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Lecture 7

PSYC 3100 Lecture Notes - Lecture 7: Fallacy, Chromosome, Determinant


Department
Psychology
Course Code
PSYC 3100
Professor
Pat Barclay
Lecture
7

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Lecture 7: Kinship
The Problem of Altruism
Altruism: An act that decreases the fitness (differential reproductive success) of an actor in order
to increase the fitness of the recipient.
- Persistent, reoccurring thing
Altruistic organisms are selfless from the individual perspective, but selfish from the perspective
of the gene.
- The gene is selfish because through acts of altruism it is propagating the reproduction and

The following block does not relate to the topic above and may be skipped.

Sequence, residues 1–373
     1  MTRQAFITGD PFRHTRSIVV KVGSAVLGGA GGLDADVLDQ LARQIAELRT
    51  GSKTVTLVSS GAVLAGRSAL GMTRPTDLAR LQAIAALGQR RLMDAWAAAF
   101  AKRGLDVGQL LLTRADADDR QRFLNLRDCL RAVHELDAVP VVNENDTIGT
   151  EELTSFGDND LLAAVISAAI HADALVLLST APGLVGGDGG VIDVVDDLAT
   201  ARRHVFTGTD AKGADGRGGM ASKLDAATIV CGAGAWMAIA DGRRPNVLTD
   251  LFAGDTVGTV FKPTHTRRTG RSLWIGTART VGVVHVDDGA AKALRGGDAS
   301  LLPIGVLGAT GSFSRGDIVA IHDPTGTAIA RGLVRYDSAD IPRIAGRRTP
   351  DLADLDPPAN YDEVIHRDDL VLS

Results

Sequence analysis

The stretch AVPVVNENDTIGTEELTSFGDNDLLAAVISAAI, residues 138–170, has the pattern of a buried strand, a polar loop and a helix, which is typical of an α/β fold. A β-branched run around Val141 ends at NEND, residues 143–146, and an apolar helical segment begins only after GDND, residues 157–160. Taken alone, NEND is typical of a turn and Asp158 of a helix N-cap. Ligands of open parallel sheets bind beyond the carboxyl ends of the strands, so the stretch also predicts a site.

survival of the gene in other individuals
- In order for the gene to be selfish, those who are benefitting must be kin and share the
gene (See Hamilton’s Inclusive Fitness)
The problem: if a non-altruistic individual invades the population, it will have higher
reproductive success because it is not expending energy to help others while the altruistic
individuals are
Hamilton’s Inclusive Fitness
- Genes can pass on copies by two means:
o Direct Fitness: reproductive success of current body
o Indirect Fitness: reproductive success of other bodies that carry that gene
- Inclusive fitness = direct fitness + indirect fitness
Hamilton’s Rule
The conditions under which altruism spreads and evolves:
- rb > c
o r = level of relatedness between the actor and recipient
o b = fitness benefit to the recipient
o c = fitness cost to the actor
Reproductive Value
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